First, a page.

Community , Culture

Osage Nation to begin planning 150th anniversary of tribe’s move to present-day Oklahoma

A photo with the Osage Agency Superintendent, employees and Osages, circa 1875. Courtesy Photo/Oklahoma Historical Society website

The year 2022 marks the 150th anniversary of the Osage Removal from Kansas to the present-day Osage Reservation, Indian Territory.

Later in the year, the Osage Nation will commemorate the historic moment with details and plans to follow. To start with planning expenditures, the Seventh ON Congress approved a $100,000 supplemental appropriation to the Communications Department fiscal year 2022 budget for conference and special events.

The $100,000 appropriation is in bill ONCA 22-18 (sponsored by Congresswoman Alice Goodfox) approved during the 12th Special Session on Dec. 15.

“This $100,000 is specifically for the upcoming sesquicentennial, which is the 150-year anniversary,” Communications Director Abby Mashunkashey told the Congressional Appropriations Committee on Dec. 14. “We are reviewing past celebrations to find out ways we can borrow from those successes and also learn ways we can improve. We need to develop various committees for this significant moment for the Nation. Possible uses of the requested funds – which there is much planning to do – is for planning, development and distribution of literature, documentation needs, commissioning a commemorative item – sculpture, possible art installations – exploring ways we can commemorate those and also budgeting and planning for a multi-day event for potentially thousands of individuals, which has the potential to be a large expense ... We would need to look at hiring event planners to support that and also thinking about expenses for food and tents and lighting to name a few.”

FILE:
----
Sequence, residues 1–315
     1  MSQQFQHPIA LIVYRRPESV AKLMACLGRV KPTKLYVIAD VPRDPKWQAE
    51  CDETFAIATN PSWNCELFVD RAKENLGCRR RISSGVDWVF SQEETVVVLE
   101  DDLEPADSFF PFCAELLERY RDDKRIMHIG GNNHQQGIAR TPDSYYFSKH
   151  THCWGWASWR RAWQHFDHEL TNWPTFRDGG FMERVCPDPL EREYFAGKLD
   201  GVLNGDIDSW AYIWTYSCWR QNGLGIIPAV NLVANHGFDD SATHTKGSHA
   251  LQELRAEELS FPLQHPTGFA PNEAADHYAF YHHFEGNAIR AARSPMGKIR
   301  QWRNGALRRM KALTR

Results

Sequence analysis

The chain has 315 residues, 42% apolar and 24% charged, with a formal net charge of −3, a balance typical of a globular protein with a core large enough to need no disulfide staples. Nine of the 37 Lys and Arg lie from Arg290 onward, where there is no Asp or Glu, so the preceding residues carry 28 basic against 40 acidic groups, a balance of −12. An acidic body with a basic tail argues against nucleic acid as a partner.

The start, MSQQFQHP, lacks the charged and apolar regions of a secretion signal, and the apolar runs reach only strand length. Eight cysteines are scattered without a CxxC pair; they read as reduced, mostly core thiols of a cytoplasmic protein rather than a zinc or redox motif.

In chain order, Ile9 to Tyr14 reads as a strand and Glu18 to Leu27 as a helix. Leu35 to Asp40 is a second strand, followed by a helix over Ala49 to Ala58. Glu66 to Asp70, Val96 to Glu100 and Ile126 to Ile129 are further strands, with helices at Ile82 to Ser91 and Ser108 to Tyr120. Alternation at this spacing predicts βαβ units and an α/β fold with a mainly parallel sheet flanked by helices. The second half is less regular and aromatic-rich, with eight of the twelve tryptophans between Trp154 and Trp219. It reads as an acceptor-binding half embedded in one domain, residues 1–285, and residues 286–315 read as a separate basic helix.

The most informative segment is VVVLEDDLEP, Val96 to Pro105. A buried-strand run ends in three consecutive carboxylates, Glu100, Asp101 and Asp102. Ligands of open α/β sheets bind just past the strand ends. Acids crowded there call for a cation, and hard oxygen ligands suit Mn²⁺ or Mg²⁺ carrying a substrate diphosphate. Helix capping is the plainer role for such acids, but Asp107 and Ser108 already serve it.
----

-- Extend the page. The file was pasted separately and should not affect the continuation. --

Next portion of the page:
Appropriations Committee Chair and Second Speaker Jodie Revard asked about timing of the proposed commemoration. Mashunkashey said planning is still preliminary with a proposed fall season date since June is a busy time for the Nation with the Inlonshka, as well as the 2022 General Election.

According to The Osage Timeline researched by former Osage Tribal Museum Senior Researcher Lou Brock, the Osage Nation’s 100th Centennial Celebration took place on Sept. 30, 1972, in Pawhuska.

Principal Chief Geoffrey Standing Bear told the Congress he recalled the celebration as well. “I remember dancing in front of the museum, it was 1972, the 100th anniversary of our coming to this area, which is the Osage Territory and we have some of the agendas and other documents from those days and this is a proposal to have a planning for that (150th anniversary) event this year,” he said.

ONCA 22-18 passed the following day during the two-day special session and Standing Bear signed the bill into law.